BERLIN (AP) – Germany will wait before introducing goal-line technology despite a wrong call in the Bundesliga on Saturday, when a goal wasn't given despite the ball crossing the line.
Hoffenheim forward Kevin Volland's goal was not awarded after the ball spun back out over the line during his side's 2-2 draw with Nuremberg.
Referee Thorsten Kinhoefer acknowledged the mistake after consulting TV replays at halftime, but the German Football League (DFL) will stick with its decision to wait for further testing of new technology until at least July 2015.
DFL managing director Andreas Rettig told Kicker magazine on Monday that FIFA's accepted margin of error of three centimeters ''is simply too big for us.''
A decision will only be made on the issue once millimeters and not centimeters are at stake.
The DFL examined 1,224 professional games from the previous two seasons, with the result that only two decisions from 25 contested were found to be conclusively incorrect.
In an editorial, Kicker editor Rainer Franze warned against introducing new technology where there is still a risk of getting it wrong.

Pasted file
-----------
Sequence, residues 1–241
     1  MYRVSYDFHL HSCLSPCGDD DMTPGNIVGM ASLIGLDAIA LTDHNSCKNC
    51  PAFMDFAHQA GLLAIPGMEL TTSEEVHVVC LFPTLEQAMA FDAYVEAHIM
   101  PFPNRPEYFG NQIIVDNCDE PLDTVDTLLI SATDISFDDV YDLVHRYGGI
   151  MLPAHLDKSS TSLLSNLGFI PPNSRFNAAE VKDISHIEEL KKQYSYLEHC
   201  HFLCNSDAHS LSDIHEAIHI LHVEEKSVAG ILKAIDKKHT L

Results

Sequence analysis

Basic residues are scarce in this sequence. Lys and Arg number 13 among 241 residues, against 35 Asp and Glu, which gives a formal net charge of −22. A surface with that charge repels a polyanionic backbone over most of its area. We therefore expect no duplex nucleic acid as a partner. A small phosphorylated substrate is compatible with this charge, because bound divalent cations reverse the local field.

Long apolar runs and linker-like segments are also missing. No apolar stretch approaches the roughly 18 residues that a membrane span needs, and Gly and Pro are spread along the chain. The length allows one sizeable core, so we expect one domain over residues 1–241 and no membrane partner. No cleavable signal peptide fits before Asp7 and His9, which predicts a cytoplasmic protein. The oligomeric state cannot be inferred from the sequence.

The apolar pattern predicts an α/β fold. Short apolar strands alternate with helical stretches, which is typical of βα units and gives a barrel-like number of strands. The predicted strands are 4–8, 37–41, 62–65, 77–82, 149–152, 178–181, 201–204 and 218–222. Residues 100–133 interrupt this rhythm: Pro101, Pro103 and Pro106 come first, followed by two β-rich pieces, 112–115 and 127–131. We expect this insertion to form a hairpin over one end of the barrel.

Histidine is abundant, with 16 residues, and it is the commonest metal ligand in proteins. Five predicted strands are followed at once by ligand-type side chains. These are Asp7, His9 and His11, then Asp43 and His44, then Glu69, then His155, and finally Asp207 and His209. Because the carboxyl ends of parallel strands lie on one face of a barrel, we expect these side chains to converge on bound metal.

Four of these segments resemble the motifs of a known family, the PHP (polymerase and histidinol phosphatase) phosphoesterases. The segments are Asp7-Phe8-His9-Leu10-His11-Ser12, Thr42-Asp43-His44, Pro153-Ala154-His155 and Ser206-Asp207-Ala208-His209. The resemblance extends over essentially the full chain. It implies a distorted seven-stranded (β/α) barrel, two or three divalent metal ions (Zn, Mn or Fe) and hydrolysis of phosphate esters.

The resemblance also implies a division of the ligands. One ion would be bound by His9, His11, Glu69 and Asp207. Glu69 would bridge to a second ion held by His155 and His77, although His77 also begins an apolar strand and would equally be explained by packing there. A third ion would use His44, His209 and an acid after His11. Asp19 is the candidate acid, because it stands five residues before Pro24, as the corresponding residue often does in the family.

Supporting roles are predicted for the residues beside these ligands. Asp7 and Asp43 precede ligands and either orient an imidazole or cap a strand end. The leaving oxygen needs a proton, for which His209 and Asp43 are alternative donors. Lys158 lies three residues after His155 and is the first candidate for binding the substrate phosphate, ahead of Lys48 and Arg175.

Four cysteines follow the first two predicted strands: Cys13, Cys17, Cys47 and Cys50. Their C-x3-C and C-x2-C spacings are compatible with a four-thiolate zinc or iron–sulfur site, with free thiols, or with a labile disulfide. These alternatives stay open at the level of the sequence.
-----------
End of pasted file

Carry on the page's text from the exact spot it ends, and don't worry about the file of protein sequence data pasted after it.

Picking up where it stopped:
''The league is well advised to only decide on it when the technology is so advanced that it means with guarantees, rather than without guarantees,'' Franze wrote.
But Hoffenheim coach Markus Gisdol has called for new technology to be introduced as soon as possible.
''We don't need to talk any more about whether there's a chip in the ball. It would only be fair if it happened. Nobody wants that a regular goal doesn't count or that a goal is given which wasn't one,'' Gisdol said.
The Hoffenheim coach has support from Kinhoefer.
''Where people judge, mistakes happen. It's very annoying that we made this mistake today,'' Kinhoefer said on Saturday. ''We as referees would welcome it if this story was taken from us.''
Goal-line technology was deployed at the Community Shield in London on Sunday, though there was no need to call Hawk-Eye's 14 cameras into action because there were no disputed goals in the game.